Summer in Seattle- Underground Seattle Tour

Next up, Bill Spiedel’s Underground Seattle Tour. The tour starts in the heart of Pioneer Square in the building with a brief history lesson on how Seattle was founded and how it grew from there. There was a lot of information, but it was really interesting. The information I’ll share is not in order and probably missing some parts since there is so much it was hard to remember it all. Seattle is named after an Native American Indian chief, Chief Seattle. Seattle is a logging town on the water and Seattle used to be at sea level. Currently it is above sea level due to the high tides that would flood the streets and do damage to the buildings and streets. Back then, the very ingenious Seattlites thought it was a really good idea to lay down the saw dust from the local saw mill. Saw dust doesn’t mix well with water…in fact, as said by the tour guide, it looks like oatmeal. This got so bad that the city had to lay down the law and order businesses to build their buildings higher so that the roads could be lifted to solve the oatmeal problem. For about 4 years, while businesses were still adding additional floors, the main floor was still at sea level while the road continued to be lifted. People had to go down about 30 feet on ladders to get to the front door of the businesses.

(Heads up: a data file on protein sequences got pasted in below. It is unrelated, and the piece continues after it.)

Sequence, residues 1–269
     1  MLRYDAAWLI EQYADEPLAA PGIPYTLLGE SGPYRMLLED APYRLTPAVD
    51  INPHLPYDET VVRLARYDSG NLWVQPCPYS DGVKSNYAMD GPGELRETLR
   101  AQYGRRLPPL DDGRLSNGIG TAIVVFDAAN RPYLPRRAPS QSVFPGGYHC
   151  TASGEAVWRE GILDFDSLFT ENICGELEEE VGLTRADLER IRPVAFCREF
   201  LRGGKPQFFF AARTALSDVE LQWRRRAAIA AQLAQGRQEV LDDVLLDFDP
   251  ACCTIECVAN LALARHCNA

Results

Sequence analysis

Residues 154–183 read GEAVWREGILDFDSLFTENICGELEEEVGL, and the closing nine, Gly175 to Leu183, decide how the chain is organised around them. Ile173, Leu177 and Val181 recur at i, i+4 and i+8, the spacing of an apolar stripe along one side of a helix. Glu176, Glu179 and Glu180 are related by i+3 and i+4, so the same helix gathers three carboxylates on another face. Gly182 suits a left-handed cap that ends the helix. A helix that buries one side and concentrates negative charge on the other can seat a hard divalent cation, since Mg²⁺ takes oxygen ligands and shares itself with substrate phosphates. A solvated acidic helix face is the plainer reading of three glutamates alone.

This tour went underneath the city’s current sidewalks and some businesses in Pioneer Square.

The descent into the underground

The descent into the underground

I don’t know if I would call this debris, but it certainly looked like it. Most of the paths had debris/leftover stuff next to it.

I don’t know if I would call this debris, but it certainly looked like it. Most of the paths had debris/leftover stuff next to it.

Underground pathway

Underground pathway

Tour guide giving some information before entering to go downI

Tour guide giving some information before entering to go downI

I wanted to save the two best pieces of information for last. One, in early Seattle, there were no toilets. People used outhouses. Thomas A. Crapper, from England, introduced toilets to the Seattlites. First of all, the name is simply hilarious and from my understanding it was just a complete coincidence that he was in the toilet business. Here is a picture of a Crapper!

Lastly, in Early Seattle, the city wanted to be more aware of what kind of occupations the people had because the more people in one occupation the more they were going to tax. They took a poll and after they realized there was oddly an insane amount of women who claimed they were “seamstresses”. After further research the city knew it was just a code name for prostitution. As a result of the poll, people of the city found out that the most income was coming from “seamstresses” and gambling. Who’da thought!

Until next time!

L